Traditional debt crisis signs of crashing currencies, 1,000 basis point bond spreads and burned FX reserves point to a record number of developing nations now in trouble.
Lebanon, Sri Lanka, Russia, Suriname and Zambia are already in default, Belarus is on the brink and at least another dozen are in the danger zone as rising borrowing costs, inflation and debt all stoke fears of economic collapse.
Totting up the cost is eyewatering. Using 1,000 basis point bond spreads as a pain threshold, analysts calculate $400-billion of debt is in play. Argentina has by far the most at over $150-billion, while the next in line are Ecuador and Egypt with $40-billion-$45-billion.
Crisis veterans hope many can still dodge default, especially if global markets calm and the IMF rows in with support, but these are the countries at risk.
The sovereign default world record holder looks likely to add to its tally. The peso now trades at a near 50 per cent discount in the black market, reserves are critically low and bonds trade at just 20 cents in the dollar – less than half of what they were after the country’s 2020 debt restructuring.
The government doesn’t have any substantial debt to service until 2024, but it ramps up after that and concerns have crept in that powerful vice president Cristina Fernandez de Kirchner may push to renege on the International Monetary Fund.
Russia’s invasion means Ukraine will almost certainly have to restructure its $20-billion plus of debt, heavyweight investors such as Morgan Stanley and Amundi warn.
The crunch comes in September when $1.2-billion of bond payments are due. Aid money and reserves mean Kyiv could potentially pay. But with state-run Naftogaz this week asking for a two-year debt freeze, investors suspect the government will follow suit.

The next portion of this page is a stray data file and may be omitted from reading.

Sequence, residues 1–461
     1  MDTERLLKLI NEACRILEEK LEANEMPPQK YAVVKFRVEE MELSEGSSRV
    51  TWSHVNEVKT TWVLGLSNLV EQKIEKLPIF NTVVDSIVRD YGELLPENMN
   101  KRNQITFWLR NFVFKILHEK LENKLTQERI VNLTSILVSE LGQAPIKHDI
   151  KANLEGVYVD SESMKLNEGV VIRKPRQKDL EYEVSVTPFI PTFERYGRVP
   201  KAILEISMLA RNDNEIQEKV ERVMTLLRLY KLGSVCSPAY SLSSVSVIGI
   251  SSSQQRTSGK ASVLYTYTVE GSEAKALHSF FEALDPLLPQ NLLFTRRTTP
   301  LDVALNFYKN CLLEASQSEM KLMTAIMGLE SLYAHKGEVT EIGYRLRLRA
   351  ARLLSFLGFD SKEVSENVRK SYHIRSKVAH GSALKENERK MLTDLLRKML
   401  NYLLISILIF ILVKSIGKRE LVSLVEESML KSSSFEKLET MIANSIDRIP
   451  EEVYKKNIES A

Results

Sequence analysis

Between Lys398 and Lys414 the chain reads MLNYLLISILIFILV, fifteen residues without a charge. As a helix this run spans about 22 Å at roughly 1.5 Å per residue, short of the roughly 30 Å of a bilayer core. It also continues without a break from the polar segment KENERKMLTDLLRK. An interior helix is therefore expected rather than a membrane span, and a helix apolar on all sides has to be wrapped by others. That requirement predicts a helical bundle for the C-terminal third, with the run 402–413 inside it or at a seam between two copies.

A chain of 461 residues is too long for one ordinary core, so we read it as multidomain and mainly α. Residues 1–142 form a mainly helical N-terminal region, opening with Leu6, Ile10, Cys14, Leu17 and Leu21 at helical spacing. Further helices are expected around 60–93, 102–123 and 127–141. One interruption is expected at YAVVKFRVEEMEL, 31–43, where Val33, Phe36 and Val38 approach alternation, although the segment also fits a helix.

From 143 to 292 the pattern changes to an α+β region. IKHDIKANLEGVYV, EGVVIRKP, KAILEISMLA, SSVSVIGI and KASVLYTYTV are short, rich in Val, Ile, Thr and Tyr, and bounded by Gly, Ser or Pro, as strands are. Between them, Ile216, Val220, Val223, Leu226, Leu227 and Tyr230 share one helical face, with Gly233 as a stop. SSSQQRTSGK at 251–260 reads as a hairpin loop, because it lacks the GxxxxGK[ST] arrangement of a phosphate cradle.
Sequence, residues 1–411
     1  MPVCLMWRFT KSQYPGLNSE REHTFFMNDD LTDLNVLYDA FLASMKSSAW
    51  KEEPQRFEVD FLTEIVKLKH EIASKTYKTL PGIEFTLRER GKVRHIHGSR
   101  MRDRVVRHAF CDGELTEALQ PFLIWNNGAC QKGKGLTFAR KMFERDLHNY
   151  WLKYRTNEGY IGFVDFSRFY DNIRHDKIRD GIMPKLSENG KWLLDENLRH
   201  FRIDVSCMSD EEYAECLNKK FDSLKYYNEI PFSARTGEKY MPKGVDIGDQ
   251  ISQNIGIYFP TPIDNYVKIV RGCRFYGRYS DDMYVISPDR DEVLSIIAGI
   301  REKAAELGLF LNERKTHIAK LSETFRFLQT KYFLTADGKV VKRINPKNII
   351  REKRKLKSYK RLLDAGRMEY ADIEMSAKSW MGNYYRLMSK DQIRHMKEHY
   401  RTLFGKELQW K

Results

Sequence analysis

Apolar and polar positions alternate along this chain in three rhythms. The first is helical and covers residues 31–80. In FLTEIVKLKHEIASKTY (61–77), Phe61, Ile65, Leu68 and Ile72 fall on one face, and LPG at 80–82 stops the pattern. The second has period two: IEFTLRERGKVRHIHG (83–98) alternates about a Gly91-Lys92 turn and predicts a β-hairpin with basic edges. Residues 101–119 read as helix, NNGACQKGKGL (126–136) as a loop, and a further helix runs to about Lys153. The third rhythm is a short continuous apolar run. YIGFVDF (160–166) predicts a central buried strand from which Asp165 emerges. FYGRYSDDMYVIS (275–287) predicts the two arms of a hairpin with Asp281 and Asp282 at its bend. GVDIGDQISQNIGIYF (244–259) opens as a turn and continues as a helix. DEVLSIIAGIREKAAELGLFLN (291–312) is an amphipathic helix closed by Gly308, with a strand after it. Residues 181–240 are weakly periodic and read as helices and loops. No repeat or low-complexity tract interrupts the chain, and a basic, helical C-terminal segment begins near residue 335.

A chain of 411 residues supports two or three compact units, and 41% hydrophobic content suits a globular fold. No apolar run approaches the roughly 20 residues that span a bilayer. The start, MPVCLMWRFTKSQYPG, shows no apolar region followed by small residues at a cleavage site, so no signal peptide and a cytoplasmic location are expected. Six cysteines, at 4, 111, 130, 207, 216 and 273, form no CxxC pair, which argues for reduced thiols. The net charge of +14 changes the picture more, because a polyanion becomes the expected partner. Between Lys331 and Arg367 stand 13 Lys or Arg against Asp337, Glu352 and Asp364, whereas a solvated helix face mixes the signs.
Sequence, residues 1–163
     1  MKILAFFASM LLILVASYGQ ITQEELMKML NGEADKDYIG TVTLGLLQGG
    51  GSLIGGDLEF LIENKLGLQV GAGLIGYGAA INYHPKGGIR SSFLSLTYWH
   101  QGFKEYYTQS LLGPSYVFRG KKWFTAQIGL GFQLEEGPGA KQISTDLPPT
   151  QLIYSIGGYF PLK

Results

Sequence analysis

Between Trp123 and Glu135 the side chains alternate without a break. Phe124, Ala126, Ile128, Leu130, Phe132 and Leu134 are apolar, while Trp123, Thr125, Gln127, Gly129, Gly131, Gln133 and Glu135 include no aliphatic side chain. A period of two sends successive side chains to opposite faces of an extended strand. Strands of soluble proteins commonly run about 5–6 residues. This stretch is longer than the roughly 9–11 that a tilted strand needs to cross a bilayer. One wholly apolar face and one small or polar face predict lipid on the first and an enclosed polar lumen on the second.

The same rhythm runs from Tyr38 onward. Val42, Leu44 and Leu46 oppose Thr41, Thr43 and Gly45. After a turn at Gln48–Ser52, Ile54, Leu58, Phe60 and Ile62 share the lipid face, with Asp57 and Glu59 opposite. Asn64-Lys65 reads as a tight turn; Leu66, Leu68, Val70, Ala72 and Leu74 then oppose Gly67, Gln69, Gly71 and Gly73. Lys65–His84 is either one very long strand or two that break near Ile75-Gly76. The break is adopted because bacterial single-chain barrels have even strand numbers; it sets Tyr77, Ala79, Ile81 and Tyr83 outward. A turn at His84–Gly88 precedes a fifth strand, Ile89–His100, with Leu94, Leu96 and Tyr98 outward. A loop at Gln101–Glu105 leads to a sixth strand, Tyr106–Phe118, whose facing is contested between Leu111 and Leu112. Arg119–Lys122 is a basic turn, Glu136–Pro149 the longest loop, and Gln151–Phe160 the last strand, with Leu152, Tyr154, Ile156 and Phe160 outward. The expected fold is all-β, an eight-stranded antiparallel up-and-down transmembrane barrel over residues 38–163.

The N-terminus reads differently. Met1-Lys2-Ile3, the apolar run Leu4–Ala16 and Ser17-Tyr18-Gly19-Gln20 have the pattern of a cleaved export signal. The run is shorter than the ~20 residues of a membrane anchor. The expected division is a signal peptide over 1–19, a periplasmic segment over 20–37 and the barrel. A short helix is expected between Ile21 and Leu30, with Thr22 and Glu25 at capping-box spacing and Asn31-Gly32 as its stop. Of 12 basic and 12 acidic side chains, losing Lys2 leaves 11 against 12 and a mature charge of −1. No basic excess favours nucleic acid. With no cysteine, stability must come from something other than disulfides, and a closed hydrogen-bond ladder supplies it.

Africa has a cluster of countries going to the IMF but Tunisia looks one of the most at risk.
A near 10 per cent budget deficit, one of the highest public sector wage bills in the world and there are concerns that securing, or a least sticking to, an IMF programme may be tough due to President Kais Saied’s push to strengthen his grip on power and the country’s powerful, incalcitrant labour union.
Tunisian bond spreads – the premium investors demand to buy the debt rather than U.S. bonds – have risen to over 2,800 basis points and along with Ukraine and El Salvador, Tunisia is on Morgan Stanley’s top three list of likely defaulters. “A deal with the International Monetary Fund becomes imperative,” Tunisia’s central bank chief Marouan Abassi has said.
Furious borrowing has seen Ghana’s debt-to-GDP ratio soar to almost 85 per cent. Its currency, the cedi, has lost nearly a quarter of its value this year and it was already spending over half of tax revenues on debt interest payments. Inflation is also getting close to 30 per cent.
Egypt has a near 95 per cent debt-to-GDP ratio and has seen one of the biggest exoduses of international cash this year – some $11-billion according to JPMorgan.